John Brock March 28, 2011 at 2:56 pm

“The advances have come along so quickly that articles on technology written just a few years ago now strike us as old-fashioned.”

This is a serious, serious problem.

The Fringe Economist March 28, 2011 at 4:23 pm

I don’t think this is a problem at all. In fact it is a blessing. One of the main reasons is not only because we’re getting machines that are faster and have more capabilities, but they are also getting progressively easier to use – allowing access to more and more individuals as the cost of understanding the technology keeps decreasing.

Dave Albin March 28, 2011 at 4:35 pm

And, it goes to my point above – as technology becomes cheaper and more wide spread, the less likely the state can control it (and hence, control us). The state doesn’t keep up with advances in technology very well.

Freedom Fighter March 28, 2011 at 4:38 pm

That’s what caused the fall of monarchy. It could not keep up with the “slow” pace of change in economy, commerce, people literacy and policies.

So I imagine a world where governments will fall one after another, replaced by cyberoneiric systems and cybertarianism.

Freedom Fighter March 28, 2011 at 4:36 pm

One day, technology will advance so fast that articles will become obsolete before the writer can finish the first sentence. At this point we will stop writing technology articles, LOL !!!

Del Lindley March 28, 2011 at 5:33 pm

This series left unanswered the burning social question of how parents, both with bright red hair, produced a blonde boy and a prematurely “gray” teenage girl. Perhaps those futuristic postal workers (sans email remember) were doing more than just “pushing buttons.”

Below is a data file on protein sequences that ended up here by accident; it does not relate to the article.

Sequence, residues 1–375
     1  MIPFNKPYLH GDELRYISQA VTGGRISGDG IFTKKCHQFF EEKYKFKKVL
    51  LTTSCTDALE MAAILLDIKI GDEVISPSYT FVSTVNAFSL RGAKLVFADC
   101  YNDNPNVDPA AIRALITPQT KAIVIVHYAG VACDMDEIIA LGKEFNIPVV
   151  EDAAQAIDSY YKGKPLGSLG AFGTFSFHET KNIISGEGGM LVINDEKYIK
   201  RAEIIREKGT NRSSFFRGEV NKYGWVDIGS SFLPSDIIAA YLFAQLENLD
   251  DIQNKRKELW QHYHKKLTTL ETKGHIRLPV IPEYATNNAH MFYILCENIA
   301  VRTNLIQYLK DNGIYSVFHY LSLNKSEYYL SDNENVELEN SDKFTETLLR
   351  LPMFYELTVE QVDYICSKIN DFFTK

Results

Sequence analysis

BioTube March 28, 2011 at 7:28 pm

Never heard of hair dye, I take it?

Del Lindley March 28, 2011 at 8:00 pm

Mere conjecture! Give me an example of a cartoon character that resorted to using a hair-coloring product. And the indeterminate case of Betty Boop does not count.

Gil March 28, 2011 at 10:52 pm

Marge Simpson?

Ohhh Henry March 28, 2011 at 9:35 pm

In the future, children will be genetically engineered.

augusto March 29, 2011 at 7:51 pm

don’t they already do this with dogs?

Dan March 29, 2011 at 5:37 am

Thanks for the great article, Jeffrey Tucker! Your elegant prose and insightful retrospection about the simple things in life is a lot of fun to read. As always, a true joy.

Regards,

Dan

Jukka M March 29, 2011 at 9:57 am

and thank you Dan for formulating so well what me and certainly many, many others think. Mr Tucker’s articles are a joy to read.

GirlTuesday March 29, 2011 at 8:14 am

I liked the show as a kid but even back in the sixites it had a fair bit of utopianism for anyone that wasn’t middle class and white. Intact family, “only” two children, detached, single family housing and no significant concerns about money. It cerainly didn’t reflect too many families I was familiar with.

And compared with today – I dont’ know too many American families outside of the professinoal class that can afford for “his wife Jane” to stay at home AND have a maid.

David K. Meller April 3, 2011 at 12:52 pm

Girl Tuesday,

A worthwhile observation, but the fact is that the Jetsons lived in a world and a time, where governments–and their extortions and brutality–didn’t exist! Living “today”, we slave away with more than half of our income taxed–and inflated–away, to keep our heads barely above water, so that billionaires aligned with the State can foist a ” New World Order” of slavery and misery upon humanity, and the future promised by the ‘Jetsons’ never materialises!

PEACE AND FREEDOM!!
David K. Meller

Vanmind April 17, 2011 at 11:10 pm

Pablum Post Alert.

Comments on this entry are closed.

Previous post:

Next post: